Use a screw driver or something to pry one end of the broken locknut outwards to break it away from the strainer basket. Use two screw drivers to work your way around the lock nut, or better yet, just break the rest of it off too.
Then, use a small screw driver or even the corner of a wood chisel to pry the flanged top of the stainer basket upward so that it comes out of the sink. If it's glued on with linseed oil, you may have to take a torch to the strainer basket (ONLY!) to soften the linseed oil so that it lets go of the strainer basket. Maybe put some cardboard under the fulcrum of whatever lever you use to pry up that strainer basket flange so that you don't mar the bottom of the sink.
Then figure out what that yellow stuff is and get it off. If it's plumber's putty, you should be able to scrape it off with a putty knife. If it's plumber's putty mixed with linseed oil, you'll probably have to use a paint stripper or a heat gun (or good hair dryer and lots of patience) to remove it. If it's got linseed oil in it, then get a paint stripper that uses methylene chloride as it's active ingredient, like Polystrippa. If it's some kinda glue, I'd try acetone or lacquer thinner to dissolve it. Nail polish remover is acetone, so maybe try that first to see if it dissolves that yellow stuff. You may want to try carving most of it off with a cheap Stanley wood chisel for $5 from Home Depot, and then dissolving what's left with acetone or lacquer thinner.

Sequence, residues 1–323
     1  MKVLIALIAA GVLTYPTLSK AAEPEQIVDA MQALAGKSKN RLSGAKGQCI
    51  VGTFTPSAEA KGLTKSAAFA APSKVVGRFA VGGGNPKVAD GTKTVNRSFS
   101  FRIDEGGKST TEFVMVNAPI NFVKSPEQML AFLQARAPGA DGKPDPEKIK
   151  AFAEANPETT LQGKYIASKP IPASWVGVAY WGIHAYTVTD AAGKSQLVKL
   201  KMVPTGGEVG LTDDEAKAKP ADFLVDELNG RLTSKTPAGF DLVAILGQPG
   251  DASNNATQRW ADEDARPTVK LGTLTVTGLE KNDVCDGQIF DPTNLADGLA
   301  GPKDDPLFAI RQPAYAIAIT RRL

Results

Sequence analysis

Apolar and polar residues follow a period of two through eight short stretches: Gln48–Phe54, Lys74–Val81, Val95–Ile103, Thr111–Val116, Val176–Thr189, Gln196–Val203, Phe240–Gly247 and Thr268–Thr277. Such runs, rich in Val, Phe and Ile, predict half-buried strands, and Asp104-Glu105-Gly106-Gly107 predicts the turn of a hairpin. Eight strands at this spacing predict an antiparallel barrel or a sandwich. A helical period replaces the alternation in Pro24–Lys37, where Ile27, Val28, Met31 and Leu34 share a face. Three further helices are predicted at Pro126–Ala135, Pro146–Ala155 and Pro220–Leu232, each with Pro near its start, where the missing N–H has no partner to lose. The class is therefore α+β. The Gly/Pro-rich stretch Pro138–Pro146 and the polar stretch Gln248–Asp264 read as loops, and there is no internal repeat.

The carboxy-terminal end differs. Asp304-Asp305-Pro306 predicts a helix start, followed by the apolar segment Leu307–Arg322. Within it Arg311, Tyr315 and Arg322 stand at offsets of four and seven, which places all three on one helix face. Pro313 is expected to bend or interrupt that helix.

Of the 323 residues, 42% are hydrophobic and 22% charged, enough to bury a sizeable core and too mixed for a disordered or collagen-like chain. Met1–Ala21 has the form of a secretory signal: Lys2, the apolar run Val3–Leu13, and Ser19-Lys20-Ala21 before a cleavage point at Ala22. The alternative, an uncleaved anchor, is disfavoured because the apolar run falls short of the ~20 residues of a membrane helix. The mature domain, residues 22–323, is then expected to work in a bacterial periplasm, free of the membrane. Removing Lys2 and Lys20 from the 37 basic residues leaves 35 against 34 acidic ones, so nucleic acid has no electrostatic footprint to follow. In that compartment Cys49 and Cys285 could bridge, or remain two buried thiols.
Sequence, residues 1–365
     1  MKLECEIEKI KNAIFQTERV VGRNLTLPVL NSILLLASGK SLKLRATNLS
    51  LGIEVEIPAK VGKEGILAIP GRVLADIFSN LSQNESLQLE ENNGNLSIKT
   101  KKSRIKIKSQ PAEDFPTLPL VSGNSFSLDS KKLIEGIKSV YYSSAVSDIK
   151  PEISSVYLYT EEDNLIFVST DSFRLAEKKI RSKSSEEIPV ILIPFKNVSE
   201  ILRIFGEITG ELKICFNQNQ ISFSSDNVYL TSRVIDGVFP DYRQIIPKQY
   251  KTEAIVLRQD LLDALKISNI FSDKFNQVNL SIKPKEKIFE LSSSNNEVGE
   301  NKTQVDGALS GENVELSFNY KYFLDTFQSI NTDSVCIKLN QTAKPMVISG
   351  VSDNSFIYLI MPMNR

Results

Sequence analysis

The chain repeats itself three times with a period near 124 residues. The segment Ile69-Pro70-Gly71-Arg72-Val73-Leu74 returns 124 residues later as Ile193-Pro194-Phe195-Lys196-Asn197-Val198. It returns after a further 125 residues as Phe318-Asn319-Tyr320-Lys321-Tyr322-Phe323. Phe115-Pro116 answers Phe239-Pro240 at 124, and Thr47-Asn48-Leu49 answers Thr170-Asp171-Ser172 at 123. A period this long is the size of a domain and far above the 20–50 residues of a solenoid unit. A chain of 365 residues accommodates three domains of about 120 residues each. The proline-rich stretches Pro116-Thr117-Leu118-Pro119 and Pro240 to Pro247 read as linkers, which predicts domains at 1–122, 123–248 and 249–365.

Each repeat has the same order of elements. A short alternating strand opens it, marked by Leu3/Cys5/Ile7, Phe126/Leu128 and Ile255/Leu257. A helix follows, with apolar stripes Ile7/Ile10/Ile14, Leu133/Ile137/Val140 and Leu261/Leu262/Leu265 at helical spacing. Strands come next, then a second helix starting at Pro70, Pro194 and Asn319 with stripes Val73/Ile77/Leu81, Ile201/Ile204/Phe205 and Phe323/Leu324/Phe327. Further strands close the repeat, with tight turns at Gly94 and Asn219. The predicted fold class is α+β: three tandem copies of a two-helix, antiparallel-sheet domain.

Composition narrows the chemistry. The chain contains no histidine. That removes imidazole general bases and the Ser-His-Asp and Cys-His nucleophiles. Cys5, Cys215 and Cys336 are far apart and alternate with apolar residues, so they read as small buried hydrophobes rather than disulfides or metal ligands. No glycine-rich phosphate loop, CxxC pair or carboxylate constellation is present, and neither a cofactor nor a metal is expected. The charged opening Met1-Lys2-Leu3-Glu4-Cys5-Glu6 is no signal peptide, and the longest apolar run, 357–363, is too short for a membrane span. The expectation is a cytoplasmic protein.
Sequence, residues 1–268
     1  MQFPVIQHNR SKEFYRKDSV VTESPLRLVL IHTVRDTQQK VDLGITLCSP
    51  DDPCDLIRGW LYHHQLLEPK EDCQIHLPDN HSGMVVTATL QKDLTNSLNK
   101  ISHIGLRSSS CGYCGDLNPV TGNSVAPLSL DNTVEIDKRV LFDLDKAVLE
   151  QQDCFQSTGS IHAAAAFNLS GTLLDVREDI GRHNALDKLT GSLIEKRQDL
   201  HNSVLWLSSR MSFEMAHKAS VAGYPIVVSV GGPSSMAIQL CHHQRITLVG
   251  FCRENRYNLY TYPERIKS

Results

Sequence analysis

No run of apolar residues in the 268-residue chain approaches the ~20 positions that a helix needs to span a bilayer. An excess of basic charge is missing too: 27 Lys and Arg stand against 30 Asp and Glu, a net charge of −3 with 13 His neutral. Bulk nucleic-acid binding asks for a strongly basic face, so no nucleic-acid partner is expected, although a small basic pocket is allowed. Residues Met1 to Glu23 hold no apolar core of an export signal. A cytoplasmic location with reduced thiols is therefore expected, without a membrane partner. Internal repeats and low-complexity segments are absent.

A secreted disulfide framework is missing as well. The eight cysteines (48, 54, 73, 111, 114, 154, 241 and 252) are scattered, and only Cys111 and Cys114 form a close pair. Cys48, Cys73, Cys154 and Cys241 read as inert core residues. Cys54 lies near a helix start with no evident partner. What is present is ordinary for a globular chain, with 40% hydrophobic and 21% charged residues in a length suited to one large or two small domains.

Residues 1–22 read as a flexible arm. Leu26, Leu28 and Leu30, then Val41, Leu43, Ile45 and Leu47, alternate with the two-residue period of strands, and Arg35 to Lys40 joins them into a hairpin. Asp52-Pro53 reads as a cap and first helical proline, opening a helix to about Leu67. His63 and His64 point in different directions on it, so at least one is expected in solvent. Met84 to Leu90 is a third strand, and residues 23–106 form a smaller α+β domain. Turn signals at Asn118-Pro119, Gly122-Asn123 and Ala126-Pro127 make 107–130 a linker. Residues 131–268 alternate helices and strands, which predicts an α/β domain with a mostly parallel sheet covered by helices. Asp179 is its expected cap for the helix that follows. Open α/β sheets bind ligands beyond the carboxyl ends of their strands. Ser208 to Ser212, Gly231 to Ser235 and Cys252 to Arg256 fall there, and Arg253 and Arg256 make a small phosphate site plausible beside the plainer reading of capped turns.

Then, phone around to the plumbing wholesalers in your area and find out which of them sell Kindred 1135 strainer baskets, and replace the junk you have with the best strainer basket on the market that I know of. The 1135 doesn't use a lock nut. It uses a threaded hollow rod in the middle of the strainer basket that you tighten with a coin, like a quarter or Canadian "loonie" dollar coin.
You're not doing anything wrong. That strainer basket was a problem waiting for someone to correct it.
--
nestork

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Once you're finished using your Plumber's putty, use your finger to wet the top surface of the putty in the tub with either corn oil or grape seed oil, which you should be able to find in your local supermarket. That will help prevent the putty from drying out and getting hard at the top on you. And, you can use the rest of it as cooking oil.
--
nestork

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On Sun, 30 Mar 2014 13:13:32 +0200, nestork wrote:

Thanks for that idea.
I used olive oil, as that's all I had.
BTW, what is the purpose of this swivel contraption?
http://farm4.staticflickr.com/3717/13523029885_93baf3c454_b.jpg
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My guess is a vent.
What do I win if I'm right?
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On Sun, 30 Mar 2014 23:02:55 +0000, DerbyDad03 wrote:

It sure looks and acts like a vent.
Is that normal for a kitchen sink trap to have a vent which is open to the underside of the sink?
And, why bother swiveling?
Do you think the vent contraption had anything to do with this, which I removed in order to make room for me to work down there?